You may be surprised to hear that desktop security is arguably the biggest and most important benefit of implementing workspaces, aka Desktop as a Service (DaaS), for your organization. Physical desktop computers with locally installed operating systems and applications are expensive, maintenance-intensive, pose security risks, and they can’t effectively support the rapidly changing business landscape. Modern business and IT trends such as the ever-growing virtual workforce, ubiquity of mobile devices, and demand for bring your own device (BYOD) support, groundswell of Windows 10 migrations, and tighter IT budgets, all point to the need to reevaluate business desktop strategies.
By virtualizing desktops and applications and moving to the cloud, organizations can realize all the benefits of virtualization and the cloud — centralized and simplified management and orchestration, greater business agility, improved security and compliance, and reduced IT capital expenditures (CAPEX) and total cost of ownership (TCO) — across their entire IT infrastructure portfolio, from servers, storage, and networking to desktops and applications.
Desktop as a Service (DaaS) is the delivery of a virtual desktop offered as a hosted service by a service provider. DaaS has the potential to radically change the way desktops are purchased and managed. However, as is typical with disruptive technologies, there is a good deal of confusion about DaaS and continued misinformation regarding cloud security.
Virtual Desktops hosted through a reputable Cloud Service Provider (CSP) can deliver high-performing desktops to users on any device in minutes, easing IT management burdens and reducing the total cost of desktop ownership, by consuming virtual desktops as a cloud-hosted service. While performance and management are valued benefits of DaaS, without a doubt, security is one of the most important benefits of virtualizing desktops.
Here are three ways in which DaaS can increase the security posture of an organization:
1. Enhance security and compliance.
Security breaches often take place at the edge of the network. So, DaaS is an attractive security option because data and applications reside in the cloud, rather than on vulnerable end-user devices. DaaS also helps alleviate another challenge associated with BYOD by enabling a consistent set of security controls across mobile devices, regardless of operating system or hardware.
Finally, cloud service providers typically have far greater security resources available to them than in-house IT staff. Thus, DaaS customers can leverage the security expertise of their service providers to improve their security and compliance posture.
2. Maintain control and privacy.
A common misconception about cloud computing, in general, is that organizations give up some of their control and privacy in the cloud. But ironically, the cloud can actually enhance an organization’s ability to control its computing environment and the privacy of sensitive data, particularly with respect to DaaS.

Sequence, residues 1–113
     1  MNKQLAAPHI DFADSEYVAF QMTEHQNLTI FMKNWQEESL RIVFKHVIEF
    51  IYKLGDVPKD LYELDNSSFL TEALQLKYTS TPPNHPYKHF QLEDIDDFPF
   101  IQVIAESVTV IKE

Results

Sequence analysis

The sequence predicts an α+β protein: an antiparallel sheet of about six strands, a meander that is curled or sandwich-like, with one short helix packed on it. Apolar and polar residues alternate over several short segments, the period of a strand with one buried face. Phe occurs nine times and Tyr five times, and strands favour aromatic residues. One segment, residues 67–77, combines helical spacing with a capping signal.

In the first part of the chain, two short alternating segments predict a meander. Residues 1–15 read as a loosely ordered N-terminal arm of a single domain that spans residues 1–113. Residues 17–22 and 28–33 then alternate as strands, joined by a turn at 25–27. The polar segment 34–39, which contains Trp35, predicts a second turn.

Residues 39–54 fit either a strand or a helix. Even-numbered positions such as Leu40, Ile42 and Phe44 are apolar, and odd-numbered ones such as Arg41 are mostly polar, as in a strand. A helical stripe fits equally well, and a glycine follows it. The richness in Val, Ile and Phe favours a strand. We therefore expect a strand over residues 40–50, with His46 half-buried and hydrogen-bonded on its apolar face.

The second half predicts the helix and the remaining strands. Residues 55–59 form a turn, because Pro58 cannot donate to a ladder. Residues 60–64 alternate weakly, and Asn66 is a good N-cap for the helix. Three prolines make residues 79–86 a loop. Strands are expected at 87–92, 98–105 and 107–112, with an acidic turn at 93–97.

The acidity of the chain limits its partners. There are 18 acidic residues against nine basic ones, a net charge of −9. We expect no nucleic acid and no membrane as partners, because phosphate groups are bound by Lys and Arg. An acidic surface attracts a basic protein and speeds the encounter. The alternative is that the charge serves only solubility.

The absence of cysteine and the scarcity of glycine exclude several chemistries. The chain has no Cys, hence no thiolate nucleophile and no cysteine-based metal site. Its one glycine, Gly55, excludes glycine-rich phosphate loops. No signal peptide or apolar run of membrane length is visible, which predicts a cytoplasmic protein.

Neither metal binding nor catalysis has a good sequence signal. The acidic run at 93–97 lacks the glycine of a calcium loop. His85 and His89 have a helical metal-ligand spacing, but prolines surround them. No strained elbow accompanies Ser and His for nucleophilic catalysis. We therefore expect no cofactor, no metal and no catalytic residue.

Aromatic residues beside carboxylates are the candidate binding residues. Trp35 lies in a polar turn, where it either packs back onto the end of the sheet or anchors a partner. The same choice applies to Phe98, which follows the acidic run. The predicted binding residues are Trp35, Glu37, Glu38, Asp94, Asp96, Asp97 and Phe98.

Organizations can create standard desktop images in the cloud, and deliver a desktop environment to their users on any device running any operating system. Virtualized desktops can be persistent (enabling users to save custom settings) or non-persistent (no changes are saved after the user logs out) based on the organization’s and the individual user’s needs.
Data privacy is ensured in DaaS because no data is ever downloaded, stored, or processed on the local device — it’s only displayed on the device. The organization can store data in an on-premises data center or in a public cloud, and apply any appropriate security safeguards, such as encryption, anti-malware protection, data loss prevention, and access permissions, as needed.
3. Eliminate “shadow IT”.
Shadow IT cultures often emerge when IT organizations are inflexible or unresponsive to end-user needs. This lack of flexibility and responsiveness, perceived or real, may be the result of the following:
- Budgetary constraints that make it infeasible for users to always get the “latest and greatest” desktop or laptop PC, mobile device, or apps
- Security and compliance restrictions that require a “locked-down” configuration that does not allow users to customize their desktops or install their own apps
- Limited IT staff resources that are constantly absorbed in daily administration tasks or engaged in reactive “firefighting”
DaaS can help organizations eliminate many of the causes of a shadow IT culture by enabling BYOD policies so that end users can use their own personal devices to get work done, without compromising on standards and security. DaaS also frees up IT staff by empowering end users with self-service tools, centralizing and simplifying desktop management, and accelerating mean time to resolution (MTTR) of desktop issues. For example, many common issues simply require the user to reboot his/her virtual desktop to get a new image.
Unfortunately, few IT organizations have the luxury of bigger and more specialized IT staff today than they did even a few years ago. So, leveraging expertise across the cloud is an important “force multiplier” for organizations planning to deploy desktop and/or application virtualization. DaaS doesn’t require the same level of expertise and experience that VDI deployments require, which cuts down on deployment and support requirements for in-house staff. Time, money, and talent otherwise spent on transitions to virtual desktops can instead be allocated to transformative applications and other sources of IT-enabled innovation.
Read more about Desktop as a Service and the related solutions.